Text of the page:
Thursday, July 19, 2007

Republishing of old post

Bobbye Jackson Holliday

Today is the 12th anniversary of my mother's death.

She was born in 1925 and died in 1995, just short of her 70th birthday.

I wish I had thought to get a picture of her scanned so you could see this wonderful, crazy woman. But I didn't. So, I'll upload some pictures of her favorite birds.

She was born to the poorest of the poor during the Big Depression outside Abilene, Texas to Clyde Lee Jackson and Nina Seaborn Jackson. She was the oldest of four siblings, George, who was two years younger than her, Clydene who died when she was three and Peggy who was 13 year younger.

When my mother was sixish, my grandfather heard the call, became a Southern Baptist minister and went off to seminary in Dallas. He pretty much left his family to fend for themselves because you see God was more important than your starving children. They existed on water biscuits, some beans and the occasional kindness of neighbors.

My mother, when she was six, worked, picking cotton wearing a dress made of a bleached flour sack. This was when cotton didn't make much cash money.

She married my father, who was stationed at Camp Barkley during WWII when she was 17, just 1/2 credit short of graduating from high school. Her mother and father were in the process of getting a divorce at this time. Grandad, the old buzzard, accused her of being pregnant. So for months she wore the tightest outfits she could find to prove him wrong. After a brief stint out west somewhere, he of course was shipped off to wait for D-Day in England.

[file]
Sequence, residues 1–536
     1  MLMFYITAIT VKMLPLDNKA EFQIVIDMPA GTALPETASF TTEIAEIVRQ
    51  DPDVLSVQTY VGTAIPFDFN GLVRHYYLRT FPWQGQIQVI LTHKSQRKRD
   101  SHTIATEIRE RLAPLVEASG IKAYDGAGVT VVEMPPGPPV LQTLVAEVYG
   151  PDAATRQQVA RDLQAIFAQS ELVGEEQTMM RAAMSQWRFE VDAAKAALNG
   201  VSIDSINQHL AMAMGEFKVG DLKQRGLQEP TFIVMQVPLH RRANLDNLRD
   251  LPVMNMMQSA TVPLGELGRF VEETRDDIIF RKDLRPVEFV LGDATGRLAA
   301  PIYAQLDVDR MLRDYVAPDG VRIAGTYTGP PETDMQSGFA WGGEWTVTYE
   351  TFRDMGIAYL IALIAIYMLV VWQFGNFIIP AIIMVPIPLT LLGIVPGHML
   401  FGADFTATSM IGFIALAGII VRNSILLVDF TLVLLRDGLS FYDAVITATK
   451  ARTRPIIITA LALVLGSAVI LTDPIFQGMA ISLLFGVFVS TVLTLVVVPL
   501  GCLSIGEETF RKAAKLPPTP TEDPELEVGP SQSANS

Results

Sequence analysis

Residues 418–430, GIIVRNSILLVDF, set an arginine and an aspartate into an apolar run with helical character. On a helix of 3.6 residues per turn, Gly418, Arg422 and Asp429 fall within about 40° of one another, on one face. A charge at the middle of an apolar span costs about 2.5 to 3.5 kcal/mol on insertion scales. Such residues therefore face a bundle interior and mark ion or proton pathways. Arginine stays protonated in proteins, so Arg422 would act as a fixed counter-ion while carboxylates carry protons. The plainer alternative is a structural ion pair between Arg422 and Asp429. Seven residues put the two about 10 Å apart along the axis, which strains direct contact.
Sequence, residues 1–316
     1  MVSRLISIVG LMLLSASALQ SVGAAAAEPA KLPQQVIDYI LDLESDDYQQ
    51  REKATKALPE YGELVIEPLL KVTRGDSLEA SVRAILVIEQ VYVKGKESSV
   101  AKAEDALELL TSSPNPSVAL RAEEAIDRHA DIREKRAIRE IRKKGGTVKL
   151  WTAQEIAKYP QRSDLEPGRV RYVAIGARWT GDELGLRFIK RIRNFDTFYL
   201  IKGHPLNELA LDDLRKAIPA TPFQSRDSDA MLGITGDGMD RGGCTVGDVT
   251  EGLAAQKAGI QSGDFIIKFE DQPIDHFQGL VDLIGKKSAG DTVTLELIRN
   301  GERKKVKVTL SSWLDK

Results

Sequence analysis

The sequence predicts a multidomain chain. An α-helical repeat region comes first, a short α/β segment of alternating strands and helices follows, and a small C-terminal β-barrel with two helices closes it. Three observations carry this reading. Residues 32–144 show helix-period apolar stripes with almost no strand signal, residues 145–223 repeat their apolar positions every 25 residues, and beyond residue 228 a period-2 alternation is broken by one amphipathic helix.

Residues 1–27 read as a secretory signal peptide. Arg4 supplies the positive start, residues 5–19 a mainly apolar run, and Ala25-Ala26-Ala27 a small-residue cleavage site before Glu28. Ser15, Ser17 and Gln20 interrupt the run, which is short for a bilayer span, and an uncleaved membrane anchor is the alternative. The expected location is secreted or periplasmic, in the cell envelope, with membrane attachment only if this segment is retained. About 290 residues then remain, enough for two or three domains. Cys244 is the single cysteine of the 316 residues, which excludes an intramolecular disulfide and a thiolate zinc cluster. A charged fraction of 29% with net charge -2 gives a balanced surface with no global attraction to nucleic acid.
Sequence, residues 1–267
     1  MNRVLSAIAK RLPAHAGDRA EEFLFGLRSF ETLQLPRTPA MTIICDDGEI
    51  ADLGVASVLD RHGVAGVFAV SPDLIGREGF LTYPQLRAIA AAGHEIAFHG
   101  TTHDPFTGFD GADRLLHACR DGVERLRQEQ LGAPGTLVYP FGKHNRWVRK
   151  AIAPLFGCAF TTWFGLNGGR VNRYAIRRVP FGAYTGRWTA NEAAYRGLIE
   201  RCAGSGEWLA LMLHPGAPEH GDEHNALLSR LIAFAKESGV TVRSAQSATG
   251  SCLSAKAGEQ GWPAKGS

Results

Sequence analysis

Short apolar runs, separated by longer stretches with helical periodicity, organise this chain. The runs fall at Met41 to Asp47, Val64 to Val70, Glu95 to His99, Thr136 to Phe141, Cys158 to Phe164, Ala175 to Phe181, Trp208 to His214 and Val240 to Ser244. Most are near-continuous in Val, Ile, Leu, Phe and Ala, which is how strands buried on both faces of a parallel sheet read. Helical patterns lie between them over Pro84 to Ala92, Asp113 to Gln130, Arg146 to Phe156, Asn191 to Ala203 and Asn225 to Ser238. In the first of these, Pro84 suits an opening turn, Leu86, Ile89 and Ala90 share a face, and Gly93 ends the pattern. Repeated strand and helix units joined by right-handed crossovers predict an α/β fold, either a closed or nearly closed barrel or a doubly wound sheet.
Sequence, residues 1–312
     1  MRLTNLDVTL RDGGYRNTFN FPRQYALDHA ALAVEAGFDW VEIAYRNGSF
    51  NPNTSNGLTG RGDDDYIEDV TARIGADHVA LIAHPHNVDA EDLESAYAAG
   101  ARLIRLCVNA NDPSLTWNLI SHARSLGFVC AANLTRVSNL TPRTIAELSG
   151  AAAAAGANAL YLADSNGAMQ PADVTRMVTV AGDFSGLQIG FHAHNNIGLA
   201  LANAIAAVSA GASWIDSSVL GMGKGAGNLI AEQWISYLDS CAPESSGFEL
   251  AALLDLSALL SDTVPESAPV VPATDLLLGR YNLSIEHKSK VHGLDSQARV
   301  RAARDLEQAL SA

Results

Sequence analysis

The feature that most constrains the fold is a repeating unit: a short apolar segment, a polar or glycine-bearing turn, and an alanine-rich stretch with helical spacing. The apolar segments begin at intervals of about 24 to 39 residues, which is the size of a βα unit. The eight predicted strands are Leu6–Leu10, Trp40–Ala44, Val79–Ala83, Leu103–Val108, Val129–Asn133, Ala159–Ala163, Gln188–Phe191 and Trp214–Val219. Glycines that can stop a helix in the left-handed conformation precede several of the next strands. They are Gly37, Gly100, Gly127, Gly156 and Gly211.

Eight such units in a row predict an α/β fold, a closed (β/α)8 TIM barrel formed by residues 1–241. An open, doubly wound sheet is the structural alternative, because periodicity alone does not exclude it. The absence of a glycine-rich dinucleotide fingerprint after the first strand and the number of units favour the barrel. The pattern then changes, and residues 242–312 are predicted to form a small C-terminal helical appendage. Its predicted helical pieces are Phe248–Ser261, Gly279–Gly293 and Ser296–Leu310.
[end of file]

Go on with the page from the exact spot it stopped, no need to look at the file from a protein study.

My dad came back after the war and opened a paint shop that went belly up and then went back into the military, The Air Force to be exact. He had been an officer in WWII so they completed his undergrad and then his Masters.

My mom had the joy of moving every so many years. If the Air Force wasn't moving us, DAD moved us either off base or on base. I know she got tired of moving.

Dad died in 1972 after retiring from the Air Force in 1968, leaving mom with three kids to raise. And she did. Raise us.

Up to this time mom and I hadn't been that close but when I got married and had my son, we formed a bond. We always had a good time together and she loved me for having Simon.

Even though Mother didn't finish High School, she was an extremely bright, well-read woman. Back when Time Magazine was actually something with integrity, she always read it cover to cover along with whatever newspapers she could get her hands on. She knew what was going on in the country, the state and the world. I would often see her go to the world map to make sure she knew where a particular country was when reading a news story. She understood politics and economics better than most college educated folks I know.

Mother played bridge often and was quite accomplished at it. She had a circle of friends that she played with most nights.

    Yachiyo McGinness--like a 2nd mother to me. Her husband had been stationed with my Dad in Japan where they adopted their daughter Kathy. Mac, her husband had a picture of me with Kathy in his wallet. Yachiyo died of a liver ailment.